top of page
  • Natalie Yon-Eriksson

Let's Talk About Cleaning Brushes w/Linseed Oil Soap.


One of the many benefits of working with natural oil-based products is that no solvents or harsh cleaners are needed for clean-up.


Linseed Oil Soap, an excellent all-around surface cleaner, is all that is needed to break down the oil and effectively clean hands and brushes.


It is simply saponified Purified Linseed Oil with no additives so a very simply formulation, especially in comparison to many conventional petrochemical-based soaps and cleaning products.


While diluted for general surface cleaning, use Linseed Oil Soap full-strength to clean old wood before painting or staining with the traditional coatings. Rinse well and let dry fully.


During an ongoing painting project, avoid cleaning brushes constantly by storing them in Viking Purified Raw Linseed Oil or another Swedish purified/degummed raw linseed oil option. All that is needed is enough oil to fully submerge the bristles.

At the beginning of the work day, wipe out any excess oil from the bristles to avoid the longer dry time of certain raw linseed oils before continue painting. At the end of the work day, place the brush back in the jar of oil. Repeat as needed until the project is complete.

Once the project is finished, it may be time to clean brushes fully.

While there is no "correct" way to clean brushes, here are some helpful suggestions to clean brushes efficiently when working with Linseed Oil Paint.


Step 1:

Wipe out any excess Linseed Oil Paint from the brush using a paper towel or cloth/rag.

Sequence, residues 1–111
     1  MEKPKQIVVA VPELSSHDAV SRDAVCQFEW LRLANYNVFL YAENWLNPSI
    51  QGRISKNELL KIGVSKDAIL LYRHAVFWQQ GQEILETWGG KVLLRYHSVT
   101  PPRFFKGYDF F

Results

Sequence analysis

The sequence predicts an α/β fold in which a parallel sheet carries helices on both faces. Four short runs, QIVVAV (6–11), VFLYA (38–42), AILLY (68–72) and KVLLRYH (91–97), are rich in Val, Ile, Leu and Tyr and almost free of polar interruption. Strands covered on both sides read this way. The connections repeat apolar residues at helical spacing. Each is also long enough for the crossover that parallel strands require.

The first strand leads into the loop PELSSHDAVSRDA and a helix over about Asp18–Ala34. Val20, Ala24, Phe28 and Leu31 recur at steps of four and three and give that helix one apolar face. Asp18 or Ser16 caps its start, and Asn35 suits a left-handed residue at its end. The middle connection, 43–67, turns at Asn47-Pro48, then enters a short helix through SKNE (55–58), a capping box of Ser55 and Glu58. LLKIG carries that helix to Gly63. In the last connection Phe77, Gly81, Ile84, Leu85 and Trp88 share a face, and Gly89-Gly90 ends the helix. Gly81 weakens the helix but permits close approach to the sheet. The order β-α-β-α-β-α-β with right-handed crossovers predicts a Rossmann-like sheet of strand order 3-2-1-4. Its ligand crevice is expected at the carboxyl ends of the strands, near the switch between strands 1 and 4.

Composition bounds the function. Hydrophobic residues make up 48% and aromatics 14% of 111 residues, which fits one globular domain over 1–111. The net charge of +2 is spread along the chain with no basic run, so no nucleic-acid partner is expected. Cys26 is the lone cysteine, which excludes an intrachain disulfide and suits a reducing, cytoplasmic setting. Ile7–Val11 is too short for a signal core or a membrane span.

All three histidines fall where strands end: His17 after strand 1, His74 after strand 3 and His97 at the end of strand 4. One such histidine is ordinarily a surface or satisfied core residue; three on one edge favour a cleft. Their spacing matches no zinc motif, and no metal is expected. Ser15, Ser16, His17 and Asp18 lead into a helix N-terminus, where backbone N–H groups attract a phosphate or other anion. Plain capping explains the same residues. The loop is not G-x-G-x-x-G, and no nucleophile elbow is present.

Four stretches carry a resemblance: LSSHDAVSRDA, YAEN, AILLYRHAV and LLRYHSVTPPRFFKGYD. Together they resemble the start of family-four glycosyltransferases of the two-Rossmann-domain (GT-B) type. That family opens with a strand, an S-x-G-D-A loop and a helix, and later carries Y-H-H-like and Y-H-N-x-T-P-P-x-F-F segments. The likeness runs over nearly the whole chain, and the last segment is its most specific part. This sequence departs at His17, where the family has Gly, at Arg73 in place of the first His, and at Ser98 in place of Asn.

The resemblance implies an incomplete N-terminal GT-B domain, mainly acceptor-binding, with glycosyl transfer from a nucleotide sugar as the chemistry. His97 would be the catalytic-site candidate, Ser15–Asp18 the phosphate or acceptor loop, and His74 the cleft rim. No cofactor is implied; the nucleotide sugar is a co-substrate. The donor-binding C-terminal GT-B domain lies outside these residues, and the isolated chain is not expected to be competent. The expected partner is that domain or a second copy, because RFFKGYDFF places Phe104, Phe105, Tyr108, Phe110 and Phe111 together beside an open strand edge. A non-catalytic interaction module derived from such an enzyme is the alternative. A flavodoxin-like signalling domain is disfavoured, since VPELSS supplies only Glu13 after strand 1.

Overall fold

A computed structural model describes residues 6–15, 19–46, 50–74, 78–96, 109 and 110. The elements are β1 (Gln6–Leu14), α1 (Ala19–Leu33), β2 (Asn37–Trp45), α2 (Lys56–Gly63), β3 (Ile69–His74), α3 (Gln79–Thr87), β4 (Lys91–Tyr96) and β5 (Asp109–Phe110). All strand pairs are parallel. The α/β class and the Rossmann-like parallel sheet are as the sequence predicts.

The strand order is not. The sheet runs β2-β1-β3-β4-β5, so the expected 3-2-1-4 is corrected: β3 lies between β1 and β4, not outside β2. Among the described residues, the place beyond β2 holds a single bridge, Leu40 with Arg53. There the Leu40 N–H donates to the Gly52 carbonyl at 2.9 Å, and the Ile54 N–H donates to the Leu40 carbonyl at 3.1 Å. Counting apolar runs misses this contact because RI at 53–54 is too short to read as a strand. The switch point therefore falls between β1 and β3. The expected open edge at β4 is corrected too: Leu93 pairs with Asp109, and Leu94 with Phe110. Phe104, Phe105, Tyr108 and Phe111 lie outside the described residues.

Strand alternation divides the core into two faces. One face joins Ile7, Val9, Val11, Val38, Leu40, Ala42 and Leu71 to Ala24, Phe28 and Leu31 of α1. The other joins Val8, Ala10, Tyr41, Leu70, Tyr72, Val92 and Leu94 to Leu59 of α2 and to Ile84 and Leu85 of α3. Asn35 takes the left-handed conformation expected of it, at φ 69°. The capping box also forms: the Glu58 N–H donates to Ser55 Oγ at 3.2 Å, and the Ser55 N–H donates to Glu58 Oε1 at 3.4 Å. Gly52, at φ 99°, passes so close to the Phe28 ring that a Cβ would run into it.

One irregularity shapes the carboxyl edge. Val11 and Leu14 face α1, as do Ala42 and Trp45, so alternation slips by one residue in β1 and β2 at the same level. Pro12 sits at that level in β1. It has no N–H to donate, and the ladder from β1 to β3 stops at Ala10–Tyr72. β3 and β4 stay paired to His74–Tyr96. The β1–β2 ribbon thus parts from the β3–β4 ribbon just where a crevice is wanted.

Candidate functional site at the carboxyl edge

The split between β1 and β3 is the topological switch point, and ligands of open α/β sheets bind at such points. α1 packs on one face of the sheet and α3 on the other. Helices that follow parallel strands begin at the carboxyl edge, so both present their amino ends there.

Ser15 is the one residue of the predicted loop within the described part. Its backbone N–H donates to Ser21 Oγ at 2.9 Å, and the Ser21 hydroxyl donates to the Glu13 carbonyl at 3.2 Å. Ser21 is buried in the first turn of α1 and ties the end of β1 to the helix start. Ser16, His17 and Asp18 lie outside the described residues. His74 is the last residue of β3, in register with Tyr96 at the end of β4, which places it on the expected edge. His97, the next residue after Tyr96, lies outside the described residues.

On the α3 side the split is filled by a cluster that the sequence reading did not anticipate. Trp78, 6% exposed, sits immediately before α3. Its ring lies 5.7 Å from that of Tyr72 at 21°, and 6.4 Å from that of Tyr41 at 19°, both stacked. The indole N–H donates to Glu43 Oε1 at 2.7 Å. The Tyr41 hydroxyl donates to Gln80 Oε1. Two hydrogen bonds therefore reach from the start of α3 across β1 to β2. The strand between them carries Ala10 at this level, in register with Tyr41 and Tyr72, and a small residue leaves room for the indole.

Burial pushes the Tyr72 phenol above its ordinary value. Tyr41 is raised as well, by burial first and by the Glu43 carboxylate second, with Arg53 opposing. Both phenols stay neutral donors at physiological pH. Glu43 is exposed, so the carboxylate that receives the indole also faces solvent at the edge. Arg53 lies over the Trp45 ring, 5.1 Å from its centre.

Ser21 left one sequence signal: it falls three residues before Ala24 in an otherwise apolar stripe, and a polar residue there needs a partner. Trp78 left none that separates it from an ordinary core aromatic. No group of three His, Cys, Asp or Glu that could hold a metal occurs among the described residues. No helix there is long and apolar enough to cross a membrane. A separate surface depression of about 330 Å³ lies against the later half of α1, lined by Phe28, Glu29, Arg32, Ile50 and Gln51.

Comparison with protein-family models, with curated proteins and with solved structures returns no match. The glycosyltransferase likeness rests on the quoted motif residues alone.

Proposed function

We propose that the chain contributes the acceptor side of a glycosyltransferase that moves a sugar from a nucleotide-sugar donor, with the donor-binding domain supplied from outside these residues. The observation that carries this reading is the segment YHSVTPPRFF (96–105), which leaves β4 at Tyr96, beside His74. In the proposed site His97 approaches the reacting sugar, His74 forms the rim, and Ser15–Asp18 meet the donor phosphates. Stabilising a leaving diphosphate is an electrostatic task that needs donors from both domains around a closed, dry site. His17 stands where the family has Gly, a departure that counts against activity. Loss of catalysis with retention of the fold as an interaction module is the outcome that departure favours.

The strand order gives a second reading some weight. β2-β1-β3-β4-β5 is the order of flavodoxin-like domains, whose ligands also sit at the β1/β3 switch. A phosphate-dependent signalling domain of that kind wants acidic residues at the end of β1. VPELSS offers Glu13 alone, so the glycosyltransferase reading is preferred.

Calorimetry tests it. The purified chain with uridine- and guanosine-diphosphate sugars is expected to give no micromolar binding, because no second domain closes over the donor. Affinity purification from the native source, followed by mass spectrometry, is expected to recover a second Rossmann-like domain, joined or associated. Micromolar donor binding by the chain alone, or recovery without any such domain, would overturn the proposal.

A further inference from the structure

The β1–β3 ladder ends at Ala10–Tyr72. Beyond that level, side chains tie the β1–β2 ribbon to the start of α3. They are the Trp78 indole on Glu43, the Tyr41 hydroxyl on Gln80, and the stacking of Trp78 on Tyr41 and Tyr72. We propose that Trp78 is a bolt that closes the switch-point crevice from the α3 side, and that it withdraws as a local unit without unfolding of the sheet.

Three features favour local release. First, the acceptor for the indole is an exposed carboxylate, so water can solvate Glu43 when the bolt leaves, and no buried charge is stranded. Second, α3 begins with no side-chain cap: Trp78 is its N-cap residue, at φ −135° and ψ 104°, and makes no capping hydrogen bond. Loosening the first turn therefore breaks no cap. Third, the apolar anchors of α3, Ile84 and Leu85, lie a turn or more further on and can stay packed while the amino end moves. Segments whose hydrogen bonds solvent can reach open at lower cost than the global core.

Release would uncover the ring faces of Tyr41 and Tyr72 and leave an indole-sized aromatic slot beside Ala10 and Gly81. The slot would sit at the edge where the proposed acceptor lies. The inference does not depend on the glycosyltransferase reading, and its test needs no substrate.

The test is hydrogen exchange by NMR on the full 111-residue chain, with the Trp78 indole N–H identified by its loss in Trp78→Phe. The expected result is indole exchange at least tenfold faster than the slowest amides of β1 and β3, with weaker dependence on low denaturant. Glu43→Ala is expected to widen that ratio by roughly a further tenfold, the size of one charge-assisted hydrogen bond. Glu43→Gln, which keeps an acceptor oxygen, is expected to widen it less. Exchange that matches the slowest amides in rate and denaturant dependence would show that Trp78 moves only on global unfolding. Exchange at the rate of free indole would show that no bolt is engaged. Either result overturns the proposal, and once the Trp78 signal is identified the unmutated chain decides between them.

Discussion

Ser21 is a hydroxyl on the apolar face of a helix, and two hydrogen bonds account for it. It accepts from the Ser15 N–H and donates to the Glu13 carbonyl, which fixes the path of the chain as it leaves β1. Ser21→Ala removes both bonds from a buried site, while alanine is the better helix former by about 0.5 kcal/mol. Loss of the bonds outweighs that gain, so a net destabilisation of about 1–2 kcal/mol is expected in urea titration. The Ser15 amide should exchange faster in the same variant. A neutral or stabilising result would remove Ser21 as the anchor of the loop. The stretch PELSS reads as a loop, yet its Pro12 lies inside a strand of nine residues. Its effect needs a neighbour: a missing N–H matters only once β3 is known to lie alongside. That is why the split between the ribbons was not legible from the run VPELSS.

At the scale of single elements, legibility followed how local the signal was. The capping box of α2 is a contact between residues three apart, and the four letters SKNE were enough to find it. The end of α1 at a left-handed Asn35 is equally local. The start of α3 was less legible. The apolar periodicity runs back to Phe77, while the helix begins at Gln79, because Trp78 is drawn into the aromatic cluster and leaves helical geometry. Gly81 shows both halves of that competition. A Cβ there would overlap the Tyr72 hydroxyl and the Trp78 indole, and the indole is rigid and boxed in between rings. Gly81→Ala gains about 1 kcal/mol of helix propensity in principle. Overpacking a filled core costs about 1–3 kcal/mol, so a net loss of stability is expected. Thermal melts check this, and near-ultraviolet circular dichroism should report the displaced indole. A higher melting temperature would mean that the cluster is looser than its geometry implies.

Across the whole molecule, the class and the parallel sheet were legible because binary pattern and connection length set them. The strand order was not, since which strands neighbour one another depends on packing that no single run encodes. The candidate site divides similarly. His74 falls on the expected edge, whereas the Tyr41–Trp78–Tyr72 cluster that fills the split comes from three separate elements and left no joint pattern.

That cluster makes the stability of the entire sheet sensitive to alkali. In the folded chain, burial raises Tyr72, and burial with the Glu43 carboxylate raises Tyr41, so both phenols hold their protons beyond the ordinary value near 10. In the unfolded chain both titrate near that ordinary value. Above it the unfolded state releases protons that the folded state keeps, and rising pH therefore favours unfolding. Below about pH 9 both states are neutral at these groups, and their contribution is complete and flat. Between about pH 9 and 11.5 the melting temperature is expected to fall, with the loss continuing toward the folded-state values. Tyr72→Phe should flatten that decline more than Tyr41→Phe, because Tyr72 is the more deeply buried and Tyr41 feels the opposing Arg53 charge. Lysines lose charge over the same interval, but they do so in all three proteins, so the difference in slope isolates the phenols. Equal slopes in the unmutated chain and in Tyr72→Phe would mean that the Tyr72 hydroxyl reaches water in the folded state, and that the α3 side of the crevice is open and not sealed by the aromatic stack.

Dampen and dispose of paper/cloth/rag to avoid fire hazard.


Step 2:


Place a bucket in your work sink to catch waste water.


Linseed Oil Paint is non-toxic and 100% micro plastic free so it does not pose the same risk as modern plastic paints in the water system but the natural pigments are basically dirt and putting that down your drain is not recommended.


Step 3:


Pour a quarter sized amount of Linseed Oil Soap into the palm of your hand, work into the bristles, and rinse. Repeat as needed until the water runs clear.

Work soap into the bristles from different directions and rinse from all directions.


Tip:

If cleaning brushes seems to be giving you trouble, try leaving your brushes in Linseed Oil Soap and water for an hr or so to break down the oil and speed up the cleaning process above.


Step 4:


Position the clean brushes pointing up in a jar or container as they dry so any residue collects at the base of the brush vs. throughout the bristles (potentially hardening them).



While cleaning brushes may seem tedious, a good brush is worth cleaning and can last a lifetime. That little extra bit of effort to clean the bristles well means the brush will last for many future projects.


21 views0 comments
bottom of page